Understanding Adolescent Risk Taking, Impulsivity, and Brain Development
We’ve all done impulsive things in our lives and are familiar with adolescent risk taking. For some, it’s adding a dozen extra items in the check-out line at the grocery store. For others, it’s hopping in a car and taking a last-minute trip to the beach. Unfortunately, teens are especially at risk for impulsive actions due to the fact that their brains are still developing. This connection between brain development and impulsivity can lead to poor decision making and possibly substance use.
The socioemotional and cognitive developmental process during the adolescence period
Adolescence is a colorful and versatile period, accompanied by many contradictions and conflicts. Adolescents often desire to be different and unique in their thoughts, behaviors, outward appearances, and the way they are perceived by both peers and adults. However, in practice, they are generally seen as a homogenous group of individuals that share similar characteristics, such as using their own idioms and expressions, following the same fashion rules, and participating in similar activities. Indeed, it appears that one of the main motives underlying adolescent risk taking behavior is the wish to gain acceptance and confirmation from peers and significant others, often as a means of gaining self-acceptance. In accordance with socioemotional and cognitive developmental processes, this wish for acceptance and uniform identity can make adolescents socially sensitive and, in some cases, socially dependent (APA, 2002; Scott & Steinberg, 2008; Steinberg, 2008).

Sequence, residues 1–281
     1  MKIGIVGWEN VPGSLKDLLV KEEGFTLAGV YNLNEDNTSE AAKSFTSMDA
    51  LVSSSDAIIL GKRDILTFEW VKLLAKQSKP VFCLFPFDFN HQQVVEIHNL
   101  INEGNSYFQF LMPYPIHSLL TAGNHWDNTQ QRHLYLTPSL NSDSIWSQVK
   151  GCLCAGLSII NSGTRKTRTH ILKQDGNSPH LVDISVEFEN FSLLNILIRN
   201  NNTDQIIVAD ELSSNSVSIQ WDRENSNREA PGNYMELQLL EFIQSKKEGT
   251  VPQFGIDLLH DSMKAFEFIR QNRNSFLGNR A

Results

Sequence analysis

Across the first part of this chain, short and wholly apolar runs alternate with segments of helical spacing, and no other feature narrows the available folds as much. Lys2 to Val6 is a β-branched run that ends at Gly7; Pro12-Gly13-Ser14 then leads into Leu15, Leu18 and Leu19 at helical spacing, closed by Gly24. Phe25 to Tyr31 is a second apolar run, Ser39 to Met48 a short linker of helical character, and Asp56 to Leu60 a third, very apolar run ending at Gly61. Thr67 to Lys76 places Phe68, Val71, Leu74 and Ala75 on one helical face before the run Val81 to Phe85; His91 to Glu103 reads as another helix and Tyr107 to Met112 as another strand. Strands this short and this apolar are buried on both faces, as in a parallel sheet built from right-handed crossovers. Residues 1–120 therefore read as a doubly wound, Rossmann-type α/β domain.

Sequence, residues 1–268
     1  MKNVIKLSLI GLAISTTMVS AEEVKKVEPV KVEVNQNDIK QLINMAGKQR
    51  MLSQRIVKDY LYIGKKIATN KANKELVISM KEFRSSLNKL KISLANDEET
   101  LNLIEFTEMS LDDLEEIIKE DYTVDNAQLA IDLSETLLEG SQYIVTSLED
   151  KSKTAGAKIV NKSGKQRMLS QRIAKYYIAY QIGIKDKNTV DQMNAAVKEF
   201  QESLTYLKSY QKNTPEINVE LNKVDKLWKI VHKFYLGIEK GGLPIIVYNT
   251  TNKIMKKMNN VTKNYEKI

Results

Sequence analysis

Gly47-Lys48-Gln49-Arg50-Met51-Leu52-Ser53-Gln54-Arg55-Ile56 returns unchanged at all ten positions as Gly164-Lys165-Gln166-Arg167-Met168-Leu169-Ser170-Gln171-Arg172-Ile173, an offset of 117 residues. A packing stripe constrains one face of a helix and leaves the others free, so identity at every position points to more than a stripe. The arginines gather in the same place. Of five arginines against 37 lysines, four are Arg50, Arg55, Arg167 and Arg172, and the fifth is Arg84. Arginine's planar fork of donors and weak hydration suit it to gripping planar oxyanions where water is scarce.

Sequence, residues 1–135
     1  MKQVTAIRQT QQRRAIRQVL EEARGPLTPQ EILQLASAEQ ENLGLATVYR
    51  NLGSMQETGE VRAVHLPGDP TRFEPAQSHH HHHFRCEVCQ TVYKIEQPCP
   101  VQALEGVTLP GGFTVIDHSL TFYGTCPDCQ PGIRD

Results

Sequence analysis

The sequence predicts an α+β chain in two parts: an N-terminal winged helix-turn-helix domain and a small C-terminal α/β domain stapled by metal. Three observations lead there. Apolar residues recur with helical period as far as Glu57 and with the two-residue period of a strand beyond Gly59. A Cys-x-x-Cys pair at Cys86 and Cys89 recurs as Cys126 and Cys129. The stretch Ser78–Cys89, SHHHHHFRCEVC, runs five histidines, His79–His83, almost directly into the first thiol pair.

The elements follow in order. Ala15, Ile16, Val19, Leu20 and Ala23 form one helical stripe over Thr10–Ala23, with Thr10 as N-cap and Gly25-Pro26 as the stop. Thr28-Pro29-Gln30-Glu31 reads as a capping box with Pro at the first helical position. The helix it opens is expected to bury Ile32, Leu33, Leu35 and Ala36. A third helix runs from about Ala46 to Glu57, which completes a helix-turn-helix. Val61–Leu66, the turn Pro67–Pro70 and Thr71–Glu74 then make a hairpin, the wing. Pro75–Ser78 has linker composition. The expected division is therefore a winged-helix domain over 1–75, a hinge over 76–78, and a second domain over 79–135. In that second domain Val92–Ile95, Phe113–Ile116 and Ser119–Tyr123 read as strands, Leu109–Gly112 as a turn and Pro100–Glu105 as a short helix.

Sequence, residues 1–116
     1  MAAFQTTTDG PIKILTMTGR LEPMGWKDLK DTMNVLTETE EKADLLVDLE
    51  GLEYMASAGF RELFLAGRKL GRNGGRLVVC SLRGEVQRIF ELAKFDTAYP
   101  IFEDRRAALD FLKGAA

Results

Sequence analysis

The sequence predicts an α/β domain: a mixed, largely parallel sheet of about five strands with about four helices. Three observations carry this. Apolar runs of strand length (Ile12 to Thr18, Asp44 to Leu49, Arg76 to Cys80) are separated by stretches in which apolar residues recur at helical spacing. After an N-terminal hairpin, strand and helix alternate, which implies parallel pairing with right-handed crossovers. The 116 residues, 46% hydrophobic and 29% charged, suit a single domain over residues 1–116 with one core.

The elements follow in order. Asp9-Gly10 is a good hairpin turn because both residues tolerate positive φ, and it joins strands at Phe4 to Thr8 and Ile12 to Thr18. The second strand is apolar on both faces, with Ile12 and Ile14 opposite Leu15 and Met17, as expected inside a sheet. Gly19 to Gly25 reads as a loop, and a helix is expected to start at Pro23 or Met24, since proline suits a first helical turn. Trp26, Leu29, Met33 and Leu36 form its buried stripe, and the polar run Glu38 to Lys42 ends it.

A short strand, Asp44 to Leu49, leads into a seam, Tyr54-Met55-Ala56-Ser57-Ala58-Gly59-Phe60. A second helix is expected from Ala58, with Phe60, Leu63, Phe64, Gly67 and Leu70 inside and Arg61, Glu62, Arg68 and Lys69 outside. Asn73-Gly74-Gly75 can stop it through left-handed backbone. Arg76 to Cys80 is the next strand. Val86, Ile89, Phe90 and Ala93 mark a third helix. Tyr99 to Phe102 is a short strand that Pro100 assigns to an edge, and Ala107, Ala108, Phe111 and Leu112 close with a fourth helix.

Individual differences in impulsivity underlie a good deal of the risk taking that is observed during adolescence, and some of the most hazardous forms of this behavior are linked to impulsivity traits that are evident early in development.
How the brain develops in adolescence time
The teenage brain is not fully developed. For the brain to completely reach maturity, it can take an adolescent well into their 20s, even their late 20s to develop completely. Specifically, the prefrontal and frontal cortex are obviously part of the adolescent brain, but they are not fully formed. As a result, teens do not have full “access” to these parts of the brain. This is the neuroscience explanation given by neurologist and author Dr. Frances Jensen as she discussed her book, The Teenage Brain: A Neuroscientist’s Guide to Raising Adolescents and Young Adults.
In the adolescent brain, the frontal and prefrontal cortex aren’t accessed with the same rapidity as the adult brain, which is why adolescents can act more impulsively. The frontal and prefrontal cortex house important executive functions like judgment and decision-making. Risky behaviors, thrill seeking, and impulsivity are not simply symptoms of “teenagehood” but symptoms of the developing adolescent brain.
Important massive developmental changes happening